Judge says Hunter Biden lawyers presented no evidence tax charges are political

LOS ANGELES — Lawyers for Hunter Biden urged a federal judge on Wednesday to dismiss the nine tax charges filed against him, arguing that prosecutors botched some facts of the case and allowed politics to influence their charging decisions.

If U.S. District Judge Mark Scarsi rejects the more than a half-dozen dismissal requests and Biden does not strike a deal with prosecutors, the president’s son could go to trial in June — right in the middle of President Biden’s reelection campaign. He is also scheduled to go to trial that same month in a separate federal case in Delaware on gun charges.

Hunter Biden, who did not attend the hearing Wednesday, has pleaded not guilty to the charges in both cases and has blamed at least some of the alleged behavior in the indictments on a drug addition that spiraled after his brother died of brain cancer in 2015.

Republicans, including former president Donald Trump, have hammered on Biden’s legal troubles, saying they show corruption within the Biden family and at the same time accusing the Justice Department of not pursuing the cases aggressively.

Biden’s legal team has, in turn, said that its client has already repaid the government the unpaid taxes with interest and that the political firestorm around his legal troubles has pressured the Justice Department to bring more serious charges against the president’s son than warranted.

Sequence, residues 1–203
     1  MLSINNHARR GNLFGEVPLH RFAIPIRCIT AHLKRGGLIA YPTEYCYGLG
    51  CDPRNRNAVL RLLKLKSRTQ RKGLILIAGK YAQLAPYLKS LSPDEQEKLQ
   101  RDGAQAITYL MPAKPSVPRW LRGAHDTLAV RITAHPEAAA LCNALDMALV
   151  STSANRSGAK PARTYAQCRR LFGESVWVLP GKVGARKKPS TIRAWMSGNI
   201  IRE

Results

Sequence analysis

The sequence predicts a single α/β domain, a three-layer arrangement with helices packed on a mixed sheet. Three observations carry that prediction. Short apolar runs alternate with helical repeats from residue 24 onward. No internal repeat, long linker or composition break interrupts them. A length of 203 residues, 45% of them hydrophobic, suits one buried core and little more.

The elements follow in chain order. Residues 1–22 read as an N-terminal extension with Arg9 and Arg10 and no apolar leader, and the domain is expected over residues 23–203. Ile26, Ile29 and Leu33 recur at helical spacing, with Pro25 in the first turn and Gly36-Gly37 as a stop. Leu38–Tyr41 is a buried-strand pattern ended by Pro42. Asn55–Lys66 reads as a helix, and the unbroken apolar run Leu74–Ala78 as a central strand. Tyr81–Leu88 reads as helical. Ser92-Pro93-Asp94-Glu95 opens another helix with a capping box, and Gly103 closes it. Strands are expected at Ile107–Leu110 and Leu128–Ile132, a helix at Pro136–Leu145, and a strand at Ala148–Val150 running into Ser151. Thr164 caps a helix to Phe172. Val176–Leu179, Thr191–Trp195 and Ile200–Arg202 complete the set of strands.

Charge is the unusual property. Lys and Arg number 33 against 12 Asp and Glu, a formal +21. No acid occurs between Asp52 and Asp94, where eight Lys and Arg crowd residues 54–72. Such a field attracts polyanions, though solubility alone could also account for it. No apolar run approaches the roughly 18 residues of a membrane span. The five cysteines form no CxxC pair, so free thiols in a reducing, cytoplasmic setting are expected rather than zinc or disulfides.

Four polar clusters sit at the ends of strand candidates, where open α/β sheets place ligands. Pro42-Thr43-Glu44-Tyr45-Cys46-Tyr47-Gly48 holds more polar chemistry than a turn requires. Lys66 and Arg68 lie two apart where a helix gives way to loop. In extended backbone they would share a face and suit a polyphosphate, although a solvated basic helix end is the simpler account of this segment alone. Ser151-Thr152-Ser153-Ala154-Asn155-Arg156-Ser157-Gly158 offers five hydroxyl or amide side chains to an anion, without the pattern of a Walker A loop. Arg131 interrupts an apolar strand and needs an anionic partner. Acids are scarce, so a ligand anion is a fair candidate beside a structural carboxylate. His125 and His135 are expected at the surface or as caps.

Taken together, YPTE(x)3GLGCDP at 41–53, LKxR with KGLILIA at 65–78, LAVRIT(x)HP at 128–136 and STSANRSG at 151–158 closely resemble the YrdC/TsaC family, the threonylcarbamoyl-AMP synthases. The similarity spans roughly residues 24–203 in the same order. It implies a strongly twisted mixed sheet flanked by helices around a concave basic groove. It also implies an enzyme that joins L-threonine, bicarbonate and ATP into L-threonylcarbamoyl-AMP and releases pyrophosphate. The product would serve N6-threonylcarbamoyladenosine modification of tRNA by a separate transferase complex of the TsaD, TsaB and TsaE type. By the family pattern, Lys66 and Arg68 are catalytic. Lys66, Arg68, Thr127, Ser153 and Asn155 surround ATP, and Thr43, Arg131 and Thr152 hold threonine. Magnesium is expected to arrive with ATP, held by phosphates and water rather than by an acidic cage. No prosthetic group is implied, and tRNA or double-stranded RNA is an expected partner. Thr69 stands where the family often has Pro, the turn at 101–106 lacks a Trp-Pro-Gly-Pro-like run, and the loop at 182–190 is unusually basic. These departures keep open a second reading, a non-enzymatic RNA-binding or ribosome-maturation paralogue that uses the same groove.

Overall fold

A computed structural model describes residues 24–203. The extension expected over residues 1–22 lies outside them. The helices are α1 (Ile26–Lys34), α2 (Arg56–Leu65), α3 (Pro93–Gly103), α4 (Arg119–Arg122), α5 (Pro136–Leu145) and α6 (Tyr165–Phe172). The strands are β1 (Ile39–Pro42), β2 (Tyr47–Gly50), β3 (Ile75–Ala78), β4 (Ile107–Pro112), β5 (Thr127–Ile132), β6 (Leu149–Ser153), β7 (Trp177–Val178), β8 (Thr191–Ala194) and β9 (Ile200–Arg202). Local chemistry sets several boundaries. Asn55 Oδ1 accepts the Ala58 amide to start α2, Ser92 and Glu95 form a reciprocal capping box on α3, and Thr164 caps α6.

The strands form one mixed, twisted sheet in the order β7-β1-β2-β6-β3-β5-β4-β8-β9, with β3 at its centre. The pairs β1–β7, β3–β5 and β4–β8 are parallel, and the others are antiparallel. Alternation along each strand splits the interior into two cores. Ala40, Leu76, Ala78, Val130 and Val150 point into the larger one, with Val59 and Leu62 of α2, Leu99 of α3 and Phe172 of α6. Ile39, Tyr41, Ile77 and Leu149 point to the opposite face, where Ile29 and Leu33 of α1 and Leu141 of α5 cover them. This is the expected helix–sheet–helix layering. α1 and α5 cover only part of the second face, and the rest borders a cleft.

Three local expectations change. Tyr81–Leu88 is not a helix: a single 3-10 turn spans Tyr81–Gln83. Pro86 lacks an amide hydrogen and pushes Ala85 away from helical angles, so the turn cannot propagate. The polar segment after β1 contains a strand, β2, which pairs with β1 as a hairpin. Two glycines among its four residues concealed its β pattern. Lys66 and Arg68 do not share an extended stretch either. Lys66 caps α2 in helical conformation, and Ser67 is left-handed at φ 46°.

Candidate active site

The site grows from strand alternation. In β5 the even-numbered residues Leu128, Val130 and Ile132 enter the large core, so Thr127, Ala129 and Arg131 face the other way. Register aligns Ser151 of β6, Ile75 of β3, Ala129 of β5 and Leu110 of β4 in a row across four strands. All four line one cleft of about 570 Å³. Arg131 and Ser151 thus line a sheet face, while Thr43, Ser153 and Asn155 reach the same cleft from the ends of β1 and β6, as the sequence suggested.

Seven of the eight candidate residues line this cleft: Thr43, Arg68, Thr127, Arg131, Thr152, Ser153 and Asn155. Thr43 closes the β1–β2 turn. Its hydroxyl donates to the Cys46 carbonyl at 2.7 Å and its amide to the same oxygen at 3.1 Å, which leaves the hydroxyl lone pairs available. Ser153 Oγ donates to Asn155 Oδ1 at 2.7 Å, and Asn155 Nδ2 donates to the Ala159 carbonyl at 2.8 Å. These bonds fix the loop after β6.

Prosecutors have repeatedly denied these misconduct claims.

Scarsi did not reveal how he would rule on each of the nine motions that Biden filed but pushed back the hardest on the motion claiming that the indictment is the result of “selective and vindictive” prosecution. He said he would rule on all the motions by April 17.

“One of the big hurdles that this motion has it that it’s not filed with any evidence,” Scarsi said.

Abbe Lowell, Hunter Biden’s attorney, said in court Wednesday that the case against his client should not have escalated to felony charges in Los Angeles, with a trial start date just months away.

Lowell’s team pointed to a plea agreement in July that was nearly finalized but publicly fell apart under scrutiny from a federal judge in Delaware. That agreement had Biden pleading guilty to two tax misdemeanors and probably avoiding jail time. A separate diversion agreement allowed Biden to admit to wrongdoing in a gun case and agree to certain conditions, to avoid actually being charged with unlawful possession of a firearm.

Months after that plea agreement fell apart, special counsel David Weiss charged Biden in Los Angeles with three felony and six misdemeanor tax charges. The 56-page indictment filed last December alleges that Biden — who moved to Los Angeles around 2018 — did not pay at least $1.4 million in federal taxes from 2016 through 2019. The charges include failing to file and pay taxes, tax evasion and filing false tax returns.

At the heart of the three-hour hearing Wednesday was the question of how those two misdemeanor charges in the proposed plea agreement morphed into three felony charges and six misdemeanor charges in Los Angeles.

Lowell said it was a clear sign that the pressure campaign from congressional Republicans and IRS whistleblowers — who took to Congress and the media to claim that the case was mishandled and more serious charges should have been brought against Biden — was successful.